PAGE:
Author Topic: New Company Plans to use Cecil Spaceport for Air-Launches  (Read 435 times)

Sonic101

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New Company Plans to use Cecil Spaceport for Air-Launches
« on: December 04, 2020, 09:47:34 AM »
Some good news for the Spaceport. Hopefully they get off the ground. They're an Alabama based company developing an autonomous air-launching vehicle.

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Without a pilot on board, the drone can pull significantly higher g-loads and steeper ascent trajectories as it releases a rocket at altitudes between 10 and 20km.

"We claim that our aircraft is a first stage because it actually contributes delta V," Jay Skylus, Aevum's founder and CEO, said in an interview with Ars.

https://arstechnica.com/science/2020/12/meet-ravn-x-a-fully-autonomous-air-launched-rocket-for-small-satellites/

marcuscnelson

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Re: New Company Plans to use Cecil Spaceport for Air-Launches
« Reply #1 on: December 04, 2020, 11:52:29 AM »
Woah. These guys seem pretty serious. Some choice quotes:

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The company is named Aevum, and until now it has largely operated in the background. But now, it's ready to show off some hardware, and it's starting with the "Ravn X" launch system's first stage. This autonomous aircraft and launch vehicle measures 24 meters long and has a wingspan of 18 meters. It has a gross takeoff mass of 25,000kg—massive for an uncrewed aerial vehicle.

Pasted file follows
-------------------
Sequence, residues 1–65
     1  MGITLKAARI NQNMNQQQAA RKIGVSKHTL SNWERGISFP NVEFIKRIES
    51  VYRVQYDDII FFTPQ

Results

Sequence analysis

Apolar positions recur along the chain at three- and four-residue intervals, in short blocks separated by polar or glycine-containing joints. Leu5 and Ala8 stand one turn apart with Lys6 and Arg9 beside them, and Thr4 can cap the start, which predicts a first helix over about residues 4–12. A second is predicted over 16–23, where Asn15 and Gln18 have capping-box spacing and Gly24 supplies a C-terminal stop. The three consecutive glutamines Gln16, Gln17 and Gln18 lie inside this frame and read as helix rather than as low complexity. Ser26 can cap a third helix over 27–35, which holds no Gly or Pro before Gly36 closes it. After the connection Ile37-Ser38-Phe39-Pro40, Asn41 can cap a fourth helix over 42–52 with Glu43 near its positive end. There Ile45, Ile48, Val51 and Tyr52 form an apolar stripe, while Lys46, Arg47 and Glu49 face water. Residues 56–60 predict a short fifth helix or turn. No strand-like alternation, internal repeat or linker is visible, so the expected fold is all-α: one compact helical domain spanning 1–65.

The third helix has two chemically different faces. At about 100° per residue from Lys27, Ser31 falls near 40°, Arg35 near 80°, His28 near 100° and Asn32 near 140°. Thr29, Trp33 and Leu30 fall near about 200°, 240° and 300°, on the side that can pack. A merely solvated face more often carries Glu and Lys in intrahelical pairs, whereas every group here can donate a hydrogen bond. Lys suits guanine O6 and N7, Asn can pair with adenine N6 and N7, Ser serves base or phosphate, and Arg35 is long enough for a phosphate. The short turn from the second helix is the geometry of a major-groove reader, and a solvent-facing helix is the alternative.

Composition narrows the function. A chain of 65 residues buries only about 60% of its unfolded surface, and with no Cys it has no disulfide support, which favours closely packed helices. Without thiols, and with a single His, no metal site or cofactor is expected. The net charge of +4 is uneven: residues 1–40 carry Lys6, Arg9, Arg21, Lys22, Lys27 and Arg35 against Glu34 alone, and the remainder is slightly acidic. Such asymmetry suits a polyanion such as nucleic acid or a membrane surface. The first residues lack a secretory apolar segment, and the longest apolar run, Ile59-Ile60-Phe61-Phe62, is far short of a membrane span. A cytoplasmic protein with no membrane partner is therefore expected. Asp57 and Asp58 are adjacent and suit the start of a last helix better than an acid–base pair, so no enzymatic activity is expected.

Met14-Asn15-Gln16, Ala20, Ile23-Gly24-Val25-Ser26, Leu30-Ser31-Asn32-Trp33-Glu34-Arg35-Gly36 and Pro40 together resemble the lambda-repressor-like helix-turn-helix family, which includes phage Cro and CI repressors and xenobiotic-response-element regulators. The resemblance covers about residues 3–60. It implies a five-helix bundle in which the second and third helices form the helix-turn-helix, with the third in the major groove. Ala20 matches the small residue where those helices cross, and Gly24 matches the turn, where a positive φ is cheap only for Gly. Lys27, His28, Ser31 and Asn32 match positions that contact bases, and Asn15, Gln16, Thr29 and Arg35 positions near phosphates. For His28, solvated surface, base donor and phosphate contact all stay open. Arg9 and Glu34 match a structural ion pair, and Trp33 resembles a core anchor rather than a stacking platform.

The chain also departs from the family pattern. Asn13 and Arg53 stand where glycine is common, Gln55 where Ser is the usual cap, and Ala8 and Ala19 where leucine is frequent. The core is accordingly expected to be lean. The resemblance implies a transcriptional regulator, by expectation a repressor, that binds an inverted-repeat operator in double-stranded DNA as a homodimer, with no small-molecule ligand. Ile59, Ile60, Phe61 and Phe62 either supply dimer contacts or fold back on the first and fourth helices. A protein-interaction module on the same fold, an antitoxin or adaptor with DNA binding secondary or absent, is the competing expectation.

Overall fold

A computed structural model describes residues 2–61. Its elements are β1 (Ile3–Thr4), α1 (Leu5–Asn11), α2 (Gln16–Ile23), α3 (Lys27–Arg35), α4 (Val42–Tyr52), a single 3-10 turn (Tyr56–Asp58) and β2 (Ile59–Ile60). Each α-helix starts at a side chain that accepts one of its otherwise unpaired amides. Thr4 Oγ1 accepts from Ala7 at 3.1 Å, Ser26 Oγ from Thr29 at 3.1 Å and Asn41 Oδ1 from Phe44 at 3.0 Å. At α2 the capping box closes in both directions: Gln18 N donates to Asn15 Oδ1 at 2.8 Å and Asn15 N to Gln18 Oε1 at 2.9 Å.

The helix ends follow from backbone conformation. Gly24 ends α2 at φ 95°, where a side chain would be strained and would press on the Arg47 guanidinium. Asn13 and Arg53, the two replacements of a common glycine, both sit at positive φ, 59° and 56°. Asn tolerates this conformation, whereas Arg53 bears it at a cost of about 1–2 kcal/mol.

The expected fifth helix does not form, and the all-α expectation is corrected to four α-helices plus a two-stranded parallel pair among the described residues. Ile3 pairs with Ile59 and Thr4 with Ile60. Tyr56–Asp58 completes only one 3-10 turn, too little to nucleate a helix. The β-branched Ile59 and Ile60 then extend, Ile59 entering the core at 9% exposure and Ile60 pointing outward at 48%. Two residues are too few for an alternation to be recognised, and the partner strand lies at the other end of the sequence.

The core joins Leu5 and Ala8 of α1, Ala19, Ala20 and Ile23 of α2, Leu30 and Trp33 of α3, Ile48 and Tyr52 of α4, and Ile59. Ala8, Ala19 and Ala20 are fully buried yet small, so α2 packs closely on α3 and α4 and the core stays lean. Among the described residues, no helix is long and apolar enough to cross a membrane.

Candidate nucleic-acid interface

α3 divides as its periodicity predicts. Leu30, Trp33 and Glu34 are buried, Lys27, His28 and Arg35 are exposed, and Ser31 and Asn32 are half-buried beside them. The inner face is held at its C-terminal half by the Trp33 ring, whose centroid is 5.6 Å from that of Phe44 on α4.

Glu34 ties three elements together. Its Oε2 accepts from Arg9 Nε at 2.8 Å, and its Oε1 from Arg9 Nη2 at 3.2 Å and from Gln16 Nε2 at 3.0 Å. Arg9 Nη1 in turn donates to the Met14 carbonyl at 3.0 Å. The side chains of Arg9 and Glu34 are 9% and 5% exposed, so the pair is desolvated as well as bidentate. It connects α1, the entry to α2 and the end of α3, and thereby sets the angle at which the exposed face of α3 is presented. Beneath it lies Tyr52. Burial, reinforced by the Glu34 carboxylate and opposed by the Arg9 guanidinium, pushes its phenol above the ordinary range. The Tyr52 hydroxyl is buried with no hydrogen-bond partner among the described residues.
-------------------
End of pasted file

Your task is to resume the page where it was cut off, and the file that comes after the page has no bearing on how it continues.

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A physicist by training, Skylus founded Aevum in June 2016 after a few years at NASA and several commercial space companies, including Boeing and Firefly Aerospace. His company presently has about 180 full-time employees and has so far conducted about five rounds of Angel investment fundraising. It is aiming to launch its first orbital mission in 2021.

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This led the company to its concept of an autonomous first stage. After its unveiling, this vehicle will begin a test flight campaign, with taxi testing, full avionics integration, a flight termination system, and more. This first model will serve as a "workhorse" for the test campaign, and Skylus said the plan is to bolt its engines onto a second airframe for a launch campaign.

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The US military definitely seems interested in the concept. Lt. Col. Ryan Rose, chief of the Space and Missile Systems Center’s Small Launch and Targets Division at Kirtland Air Force Base in New Mexico, attended Thursday's rollout. She described the company's efforts as "bold" and "innovative."

Moreover, Aevum claims it has secured launch contracts worth more than $1 billion over the next decade, including the Air Force's ASLON-45 mission, which is currently targeted for Ravn X's first launch.

If that last one is true, this could be very interesting. I wonder how NG and Virgin will respond. And I haven't decided which is cooler, the SpaceX model where we watch it come together, or Aevum one where it just pops up like this.
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